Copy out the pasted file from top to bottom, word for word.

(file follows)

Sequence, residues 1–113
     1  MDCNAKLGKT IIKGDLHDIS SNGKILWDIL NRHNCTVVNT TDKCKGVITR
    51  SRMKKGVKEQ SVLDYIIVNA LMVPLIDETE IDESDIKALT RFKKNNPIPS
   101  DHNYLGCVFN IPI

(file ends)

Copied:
Sequence, residues 1–113
     1  MDCNAKLGKT IIKGDLHDIS SNGKILWDIL NRHNCTVVNT TDKCKGVITR
    51  SRMKKGVKEQ SVLDYIIVNA LMVPLIDETE IDESDIKALT RFKKNNPIPS
   101  DHNYLGCVFN IPI